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The Complex Relationship Between Smoking And Mental Illness

Cigarette tobacco smoke
Flickr photo/Ta Duc (Cc-BY-NC-ND)

A recent study from the Centers For Disease Control has found that nearly one-third of mentally ill adults are smokers. In fact, they’re 70 percent more likely to smoke than adults without mental illness. The relationship between cigarettes and mental hospitals is a complicated one. Historically, smoking was common in mental hospitals. It was even used as an incentive for patients at times. Now, more and more treatment facilities are becoming smoke-free. What does this mean for patients who rely on the habit for comfort?Pam Belluckhas been writing about these issues. She covers health and science for The New York Times.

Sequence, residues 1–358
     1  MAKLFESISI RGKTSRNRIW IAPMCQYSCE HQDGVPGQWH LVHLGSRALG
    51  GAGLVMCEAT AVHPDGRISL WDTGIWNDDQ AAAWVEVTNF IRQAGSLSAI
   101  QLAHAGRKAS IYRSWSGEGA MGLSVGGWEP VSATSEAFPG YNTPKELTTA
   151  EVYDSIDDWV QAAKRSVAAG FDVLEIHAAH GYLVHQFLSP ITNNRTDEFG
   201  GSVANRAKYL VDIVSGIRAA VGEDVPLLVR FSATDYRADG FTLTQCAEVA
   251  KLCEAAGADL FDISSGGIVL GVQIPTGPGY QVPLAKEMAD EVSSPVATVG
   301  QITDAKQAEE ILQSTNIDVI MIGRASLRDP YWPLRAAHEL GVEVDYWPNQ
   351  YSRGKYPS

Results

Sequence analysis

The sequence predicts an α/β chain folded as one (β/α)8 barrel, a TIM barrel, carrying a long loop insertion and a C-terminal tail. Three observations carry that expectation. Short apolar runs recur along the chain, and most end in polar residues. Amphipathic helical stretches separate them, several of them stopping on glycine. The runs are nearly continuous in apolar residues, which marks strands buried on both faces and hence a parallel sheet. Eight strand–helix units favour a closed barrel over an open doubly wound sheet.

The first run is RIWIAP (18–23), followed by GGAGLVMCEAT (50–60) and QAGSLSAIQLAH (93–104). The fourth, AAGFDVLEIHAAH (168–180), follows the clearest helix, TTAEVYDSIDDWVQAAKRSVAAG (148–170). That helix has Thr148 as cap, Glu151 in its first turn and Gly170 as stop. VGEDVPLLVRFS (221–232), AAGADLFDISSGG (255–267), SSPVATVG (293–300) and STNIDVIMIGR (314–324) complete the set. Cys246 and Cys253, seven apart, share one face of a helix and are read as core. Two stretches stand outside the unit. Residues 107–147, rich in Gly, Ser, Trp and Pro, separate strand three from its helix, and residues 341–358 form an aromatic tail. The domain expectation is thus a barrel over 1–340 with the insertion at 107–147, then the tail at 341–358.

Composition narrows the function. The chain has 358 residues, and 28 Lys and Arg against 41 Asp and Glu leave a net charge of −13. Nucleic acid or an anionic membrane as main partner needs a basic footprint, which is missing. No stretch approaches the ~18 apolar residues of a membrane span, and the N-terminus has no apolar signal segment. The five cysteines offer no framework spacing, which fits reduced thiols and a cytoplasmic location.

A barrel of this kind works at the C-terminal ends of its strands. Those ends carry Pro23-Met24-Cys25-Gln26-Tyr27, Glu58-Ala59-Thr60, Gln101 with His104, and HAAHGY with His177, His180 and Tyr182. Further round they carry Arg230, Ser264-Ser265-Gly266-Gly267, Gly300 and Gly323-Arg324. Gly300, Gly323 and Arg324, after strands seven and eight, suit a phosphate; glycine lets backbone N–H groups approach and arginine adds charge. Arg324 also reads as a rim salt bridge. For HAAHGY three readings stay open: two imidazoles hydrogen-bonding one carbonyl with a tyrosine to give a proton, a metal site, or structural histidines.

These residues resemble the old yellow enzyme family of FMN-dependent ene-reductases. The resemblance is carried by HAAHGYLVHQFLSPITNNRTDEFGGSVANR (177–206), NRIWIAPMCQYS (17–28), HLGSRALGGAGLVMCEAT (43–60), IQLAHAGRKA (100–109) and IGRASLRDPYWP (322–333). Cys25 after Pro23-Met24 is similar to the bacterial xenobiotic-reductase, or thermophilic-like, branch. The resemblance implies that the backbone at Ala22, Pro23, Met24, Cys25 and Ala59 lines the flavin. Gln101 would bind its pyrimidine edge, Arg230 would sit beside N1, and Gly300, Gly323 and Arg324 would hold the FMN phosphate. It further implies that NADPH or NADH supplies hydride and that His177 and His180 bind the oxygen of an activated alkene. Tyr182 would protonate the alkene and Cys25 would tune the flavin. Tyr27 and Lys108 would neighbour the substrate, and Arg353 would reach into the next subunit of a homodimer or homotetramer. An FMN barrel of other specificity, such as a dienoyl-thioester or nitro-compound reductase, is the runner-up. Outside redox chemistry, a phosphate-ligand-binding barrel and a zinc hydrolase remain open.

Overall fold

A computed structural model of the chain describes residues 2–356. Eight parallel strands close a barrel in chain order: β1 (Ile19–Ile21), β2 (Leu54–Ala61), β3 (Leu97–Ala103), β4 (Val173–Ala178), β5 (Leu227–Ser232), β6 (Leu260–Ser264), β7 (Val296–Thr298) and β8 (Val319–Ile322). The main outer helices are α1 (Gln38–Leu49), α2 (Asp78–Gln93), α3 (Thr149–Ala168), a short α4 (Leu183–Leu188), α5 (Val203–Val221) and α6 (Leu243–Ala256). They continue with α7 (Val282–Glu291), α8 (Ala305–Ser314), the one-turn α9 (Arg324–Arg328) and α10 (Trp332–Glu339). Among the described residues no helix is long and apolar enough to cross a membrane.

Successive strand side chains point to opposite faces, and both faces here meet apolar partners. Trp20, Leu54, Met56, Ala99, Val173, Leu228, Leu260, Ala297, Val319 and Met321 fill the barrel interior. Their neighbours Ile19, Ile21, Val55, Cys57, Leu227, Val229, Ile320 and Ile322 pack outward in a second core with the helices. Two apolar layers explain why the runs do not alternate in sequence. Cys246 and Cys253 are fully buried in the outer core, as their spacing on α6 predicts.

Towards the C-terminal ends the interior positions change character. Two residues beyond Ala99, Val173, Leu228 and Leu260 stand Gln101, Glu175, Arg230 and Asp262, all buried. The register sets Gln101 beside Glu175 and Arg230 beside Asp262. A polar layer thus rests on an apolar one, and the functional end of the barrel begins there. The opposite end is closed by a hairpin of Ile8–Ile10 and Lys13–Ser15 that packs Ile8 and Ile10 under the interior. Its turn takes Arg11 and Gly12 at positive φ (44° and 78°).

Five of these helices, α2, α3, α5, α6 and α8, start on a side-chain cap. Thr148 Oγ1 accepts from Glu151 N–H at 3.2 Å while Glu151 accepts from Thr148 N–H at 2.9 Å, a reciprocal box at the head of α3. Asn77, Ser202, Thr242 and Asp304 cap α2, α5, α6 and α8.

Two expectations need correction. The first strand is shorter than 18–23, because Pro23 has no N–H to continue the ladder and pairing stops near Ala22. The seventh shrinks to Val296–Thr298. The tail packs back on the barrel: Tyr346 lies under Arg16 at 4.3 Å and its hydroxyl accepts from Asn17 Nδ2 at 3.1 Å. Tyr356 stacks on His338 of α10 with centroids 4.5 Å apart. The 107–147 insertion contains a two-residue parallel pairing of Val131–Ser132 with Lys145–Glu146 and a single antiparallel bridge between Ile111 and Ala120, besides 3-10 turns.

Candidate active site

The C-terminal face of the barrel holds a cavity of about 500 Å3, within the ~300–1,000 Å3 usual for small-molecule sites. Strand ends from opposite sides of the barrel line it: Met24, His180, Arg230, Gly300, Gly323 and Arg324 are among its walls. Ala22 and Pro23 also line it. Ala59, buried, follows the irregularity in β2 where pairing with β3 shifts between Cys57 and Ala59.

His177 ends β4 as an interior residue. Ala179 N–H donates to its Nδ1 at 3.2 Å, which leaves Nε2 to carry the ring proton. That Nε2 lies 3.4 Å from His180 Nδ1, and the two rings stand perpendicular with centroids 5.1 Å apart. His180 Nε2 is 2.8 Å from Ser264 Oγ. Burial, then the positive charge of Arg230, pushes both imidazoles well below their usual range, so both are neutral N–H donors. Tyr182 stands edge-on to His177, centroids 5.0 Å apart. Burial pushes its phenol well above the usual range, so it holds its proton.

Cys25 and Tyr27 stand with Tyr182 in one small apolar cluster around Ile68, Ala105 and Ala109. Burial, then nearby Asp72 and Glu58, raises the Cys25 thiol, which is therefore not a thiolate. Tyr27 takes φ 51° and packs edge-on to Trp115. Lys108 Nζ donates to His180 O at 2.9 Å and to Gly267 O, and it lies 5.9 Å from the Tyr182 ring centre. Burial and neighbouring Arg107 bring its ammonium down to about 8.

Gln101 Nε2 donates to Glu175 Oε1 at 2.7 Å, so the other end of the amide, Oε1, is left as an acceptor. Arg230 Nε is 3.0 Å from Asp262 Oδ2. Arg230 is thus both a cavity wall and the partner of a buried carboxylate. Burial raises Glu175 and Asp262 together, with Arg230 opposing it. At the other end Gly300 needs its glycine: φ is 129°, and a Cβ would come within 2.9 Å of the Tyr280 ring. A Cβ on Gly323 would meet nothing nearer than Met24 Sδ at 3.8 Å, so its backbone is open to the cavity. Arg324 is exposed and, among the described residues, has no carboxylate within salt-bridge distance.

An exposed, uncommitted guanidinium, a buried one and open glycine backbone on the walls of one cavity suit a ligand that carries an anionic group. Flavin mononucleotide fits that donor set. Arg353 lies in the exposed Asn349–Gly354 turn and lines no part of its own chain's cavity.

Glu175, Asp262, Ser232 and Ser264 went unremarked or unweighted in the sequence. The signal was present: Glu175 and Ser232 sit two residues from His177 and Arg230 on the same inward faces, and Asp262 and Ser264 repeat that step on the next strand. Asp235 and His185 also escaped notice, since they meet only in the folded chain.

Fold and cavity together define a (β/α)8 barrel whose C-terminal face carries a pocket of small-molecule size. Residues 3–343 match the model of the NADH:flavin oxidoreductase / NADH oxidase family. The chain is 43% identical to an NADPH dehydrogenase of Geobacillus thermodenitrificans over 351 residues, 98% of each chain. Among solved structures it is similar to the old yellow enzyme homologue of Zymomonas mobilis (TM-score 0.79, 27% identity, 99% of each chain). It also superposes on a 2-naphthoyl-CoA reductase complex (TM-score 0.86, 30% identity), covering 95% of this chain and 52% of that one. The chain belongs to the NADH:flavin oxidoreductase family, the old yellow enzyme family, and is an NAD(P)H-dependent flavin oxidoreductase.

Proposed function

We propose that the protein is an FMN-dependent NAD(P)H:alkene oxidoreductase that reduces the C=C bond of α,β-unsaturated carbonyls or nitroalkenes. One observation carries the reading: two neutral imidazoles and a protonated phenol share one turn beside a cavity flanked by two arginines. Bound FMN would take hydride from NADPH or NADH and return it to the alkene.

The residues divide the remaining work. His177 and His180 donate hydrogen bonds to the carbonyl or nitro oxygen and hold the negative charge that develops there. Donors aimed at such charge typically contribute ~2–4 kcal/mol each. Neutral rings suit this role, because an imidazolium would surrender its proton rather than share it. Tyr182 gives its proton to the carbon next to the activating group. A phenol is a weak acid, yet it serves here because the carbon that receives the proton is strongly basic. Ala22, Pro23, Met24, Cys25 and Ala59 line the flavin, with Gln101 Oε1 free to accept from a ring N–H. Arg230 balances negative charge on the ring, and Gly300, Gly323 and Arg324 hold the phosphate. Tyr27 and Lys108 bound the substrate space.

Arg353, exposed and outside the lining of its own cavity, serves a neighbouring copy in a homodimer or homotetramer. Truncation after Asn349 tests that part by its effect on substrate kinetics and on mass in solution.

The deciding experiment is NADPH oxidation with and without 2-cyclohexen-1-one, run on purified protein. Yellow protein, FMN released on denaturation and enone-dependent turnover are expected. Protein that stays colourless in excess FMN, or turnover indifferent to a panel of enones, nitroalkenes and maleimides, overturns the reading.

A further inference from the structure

Also This Hour: We talk with Seattle City Councilmember Sally Bagshaw about the Magnuson Park lawsuit. Then, KUOW’s Phyllis Fletcher explains the Federal Family Medical Leave Act. We talk with law professor Ryan Calo from the University of Washington about the privacy laws in the United States in the wake of Mayor McGinn's decision to stop the Seattle Police Department's drone program. Plus, we get a weekend weather forecast from state climatologist Nick Bond.